Whether in the middle of dinner or in a quiet movie theater, everyone finds themselves in a place that is less than ideal to let out a huge achoo. The idea of holding in your sneeze seems sensible when there is no tissue nearby, but the real question is: Is it safe to do?
According to Dr. Corinne Yarbrough, an internal medical doctor with Sharp Rees-Stealy, holding in your sneeze forces high-pressure air into the Eustachian tubes — located behind your cheekbones — and could result in a ruptured eardrum.
“There are even reports of rib fractures and ruptured tracheas from suppressed sneezes,” she adds. “An injury from holding in a sneeze is exceedingly rare, but it can happen.”
Sneezing is the result of a biological reflex to defend your body against pathogens and irritants. “When certain stimuli are introduced, like pepper, an allergen or cold temperature, small nerves are stimulated, triggering a reflex that causes the sneeze and expels that pathogen,” describes Dr. Yarbrough.
“When you sneeze, the reflex first causes tightening of the muscles of the throat, eyes and mouth, followed by relaxation of the throat while the chest muscles contract,” she says.
The next part is not for the faint of heart: When you sneeze, air is forced out of your nose at about 100 miles per hour, taking mucus and germs along for the ride. Picture the mucus of your sneeze traveling faster than you would drive on the freeway.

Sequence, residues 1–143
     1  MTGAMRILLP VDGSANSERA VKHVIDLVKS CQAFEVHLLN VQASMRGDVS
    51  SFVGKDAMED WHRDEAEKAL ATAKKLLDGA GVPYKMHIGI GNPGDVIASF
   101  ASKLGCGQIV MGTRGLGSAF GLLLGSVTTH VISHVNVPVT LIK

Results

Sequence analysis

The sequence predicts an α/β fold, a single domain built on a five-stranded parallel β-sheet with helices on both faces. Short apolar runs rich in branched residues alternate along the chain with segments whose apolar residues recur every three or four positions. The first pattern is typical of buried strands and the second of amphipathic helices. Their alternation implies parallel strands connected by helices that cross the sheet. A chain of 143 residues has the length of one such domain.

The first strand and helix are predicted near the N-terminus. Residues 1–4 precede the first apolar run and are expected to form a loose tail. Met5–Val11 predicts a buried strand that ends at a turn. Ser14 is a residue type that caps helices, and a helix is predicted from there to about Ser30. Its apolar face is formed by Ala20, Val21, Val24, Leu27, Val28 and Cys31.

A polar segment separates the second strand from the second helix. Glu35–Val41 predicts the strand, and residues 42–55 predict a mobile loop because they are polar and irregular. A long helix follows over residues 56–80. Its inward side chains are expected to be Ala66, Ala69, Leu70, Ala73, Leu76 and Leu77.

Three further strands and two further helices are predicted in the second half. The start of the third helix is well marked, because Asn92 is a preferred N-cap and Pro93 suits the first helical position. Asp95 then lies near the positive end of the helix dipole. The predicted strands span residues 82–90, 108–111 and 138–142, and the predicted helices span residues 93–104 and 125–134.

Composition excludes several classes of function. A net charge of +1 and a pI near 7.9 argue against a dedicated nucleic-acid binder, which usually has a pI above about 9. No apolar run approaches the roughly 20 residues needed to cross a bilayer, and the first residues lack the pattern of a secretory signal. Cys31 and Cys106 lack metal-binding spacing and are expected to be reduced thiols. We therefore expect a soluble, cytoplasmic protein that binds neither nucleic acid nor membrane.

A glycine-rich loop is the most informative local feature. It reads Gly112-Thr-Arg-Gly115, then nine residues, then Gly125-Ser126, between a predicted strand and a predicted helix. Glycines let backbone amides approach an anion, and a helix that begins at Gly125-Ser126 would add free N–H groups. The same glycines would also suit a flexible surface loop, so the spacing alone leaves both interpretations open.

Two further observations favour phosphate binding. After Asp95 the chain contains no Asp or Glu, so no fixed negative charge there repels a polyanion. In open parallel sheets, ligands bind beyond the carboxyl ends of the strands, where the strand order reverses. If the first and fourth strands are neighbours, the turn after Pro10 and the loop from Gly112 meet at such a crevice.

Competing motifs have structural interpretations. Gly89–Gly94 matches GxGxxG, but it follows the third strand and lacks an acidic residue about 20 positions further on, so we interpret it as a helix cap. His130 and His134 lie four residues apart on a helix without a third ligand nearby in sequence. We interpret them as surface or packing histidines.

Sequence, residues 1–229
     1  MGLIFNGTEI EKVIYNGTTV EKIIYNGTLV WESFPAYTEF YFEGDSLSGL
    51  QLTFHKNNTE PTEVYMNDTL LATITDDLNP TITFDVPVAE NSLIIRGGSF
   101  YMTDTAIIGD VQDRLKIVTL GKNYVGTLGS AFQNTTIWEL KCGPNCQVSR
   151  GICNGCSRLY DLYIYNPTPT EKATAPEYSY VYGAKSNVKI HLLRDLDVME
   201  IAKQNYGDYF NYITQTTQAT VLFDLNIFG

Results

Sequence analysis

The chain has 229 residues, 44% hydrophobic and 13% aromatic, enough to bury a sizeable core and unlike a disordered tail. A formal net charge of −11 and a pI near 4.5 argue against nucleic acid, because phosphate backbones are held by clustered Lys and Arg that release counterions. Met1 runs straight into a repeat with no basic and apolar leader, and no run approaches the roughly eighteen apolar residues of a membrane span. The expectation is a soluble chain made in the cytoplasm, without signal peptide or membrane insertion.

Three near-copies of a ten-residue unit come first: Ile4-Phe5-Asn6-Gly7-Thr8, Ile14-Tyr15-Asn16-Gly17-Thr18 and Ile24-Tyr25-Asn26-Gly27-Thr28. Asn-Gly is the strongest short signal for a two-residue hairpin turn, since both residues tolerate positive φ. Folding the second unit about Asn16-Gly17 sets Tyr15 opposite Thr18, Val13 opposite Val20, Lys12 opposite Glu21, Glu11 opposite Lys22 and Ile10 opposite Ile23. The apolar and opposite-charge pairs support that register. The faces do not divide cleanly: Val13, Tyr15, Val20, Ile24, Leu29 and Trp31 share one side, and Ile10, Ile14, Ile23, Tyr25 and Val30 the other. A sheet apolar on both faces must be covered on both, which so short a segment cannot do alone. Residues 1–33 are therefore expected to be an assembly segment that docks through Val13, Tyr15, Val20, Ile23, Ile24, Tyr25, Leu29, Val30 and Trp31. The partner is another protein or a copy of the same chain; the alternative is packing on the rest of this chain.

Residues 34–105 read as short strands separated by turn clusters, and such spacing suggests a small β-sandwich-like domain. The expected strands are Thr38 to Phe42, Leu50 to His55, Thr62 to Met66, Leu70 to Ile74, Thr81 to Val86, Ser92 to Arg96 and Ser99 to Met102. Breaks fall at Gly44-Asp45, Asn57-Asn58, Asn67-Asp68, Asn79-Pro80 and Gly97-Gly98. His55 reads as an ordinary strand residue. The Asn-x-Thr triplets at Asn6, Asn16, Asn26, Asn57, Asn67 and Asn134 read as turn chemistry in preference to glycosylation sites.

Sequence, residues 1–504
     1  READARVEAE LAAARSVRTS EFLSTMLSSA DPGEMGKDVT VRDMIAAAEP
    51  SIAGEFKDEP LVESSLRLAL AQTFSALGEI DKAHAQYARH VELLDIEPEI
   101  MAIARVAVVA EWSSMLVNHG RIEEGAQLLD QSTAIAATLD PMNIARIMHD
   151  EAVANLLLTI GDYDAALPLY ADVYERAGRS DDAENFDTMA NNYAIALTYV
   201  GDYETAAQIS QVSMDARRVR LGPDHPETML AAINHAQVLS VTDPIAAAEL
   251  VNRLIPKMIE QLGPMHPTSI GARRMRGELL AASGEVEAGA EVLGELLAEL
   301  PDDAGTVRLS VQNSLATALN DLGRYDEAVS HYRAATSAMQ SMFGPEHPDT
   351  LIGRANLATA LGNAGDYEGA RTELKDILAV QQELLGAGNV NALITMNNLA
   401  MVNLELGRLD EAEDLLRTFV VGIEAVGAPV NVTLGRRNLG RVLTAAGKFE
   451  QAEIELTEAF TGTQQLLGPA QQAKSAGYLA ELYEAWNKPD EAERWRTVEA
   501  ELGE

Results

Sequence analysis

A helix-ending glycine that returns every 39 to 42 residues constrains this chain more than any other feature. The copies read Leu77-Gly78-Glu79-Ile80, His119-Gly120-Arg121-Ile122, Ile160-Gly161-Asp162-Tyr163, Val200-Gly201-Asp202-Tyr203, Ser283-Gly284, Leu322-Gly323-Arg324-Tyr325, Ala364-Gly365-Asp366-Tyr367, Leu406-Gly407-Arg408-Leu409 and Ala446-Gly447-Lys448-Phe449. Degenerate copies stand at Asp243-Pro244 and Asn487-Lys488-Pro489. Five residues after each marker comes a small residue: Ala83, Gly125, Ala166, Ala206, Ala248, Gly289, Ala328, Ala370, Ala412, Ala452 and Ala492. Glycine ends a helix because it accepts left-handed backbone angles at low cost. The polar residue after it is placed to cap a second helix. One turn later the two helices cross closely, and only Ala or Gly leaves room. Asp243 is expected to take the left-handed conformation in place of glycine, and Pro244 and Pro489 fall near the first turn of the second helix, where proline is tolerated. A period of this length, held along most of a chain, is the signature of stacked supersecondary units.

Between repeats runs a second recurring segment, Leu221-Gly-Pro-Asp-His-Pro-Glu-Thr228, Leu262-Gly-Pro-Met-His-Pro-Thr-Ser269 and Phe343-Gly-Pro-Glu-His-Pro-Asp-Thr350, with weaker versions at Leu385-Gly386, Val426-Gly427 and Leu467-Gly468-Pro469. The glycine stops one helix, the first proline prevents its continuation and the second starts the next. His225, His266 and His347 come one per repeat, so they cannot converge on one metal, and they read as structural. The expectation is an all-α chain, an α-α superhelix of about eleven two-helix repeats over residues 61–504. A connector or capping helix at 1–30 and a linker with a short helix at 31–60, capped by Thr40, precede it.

The only real difference between a sneeze caused by a cold and one from a trigger substance like pepper, Dr. Yarbrough says, is that a sneeze from a cold would carry a high amount of viral particles, making you more likely to spread infection.
So, if you find yourself in the middle of a meeting and a sneeze is brewing, remember this warning and don’t hold it in. “If you need to lessen the force of a sneeze — for example after facial surgery — it would be better to go ahead and sneeze, but with your mouth open,” offers Dr. Yarbrough. “Plugging your nose is not recommended.”
Dr. Yarborough answers these three additional sneeze myths:
Does looking at a light stop you from
Sudden exposure to a bright light can actually trigger a sneeze rather than suppress it, as can a dramatic change in temperature.
Does it help to hold your finger
under your nose to stop from sneezing?
This can help someone delay a sneeze, but it is likely that the stimulus will still be there and the sneeze will still occur.
Does your heart stop when you sneeze?
No, your heart does not stop when you sneeze.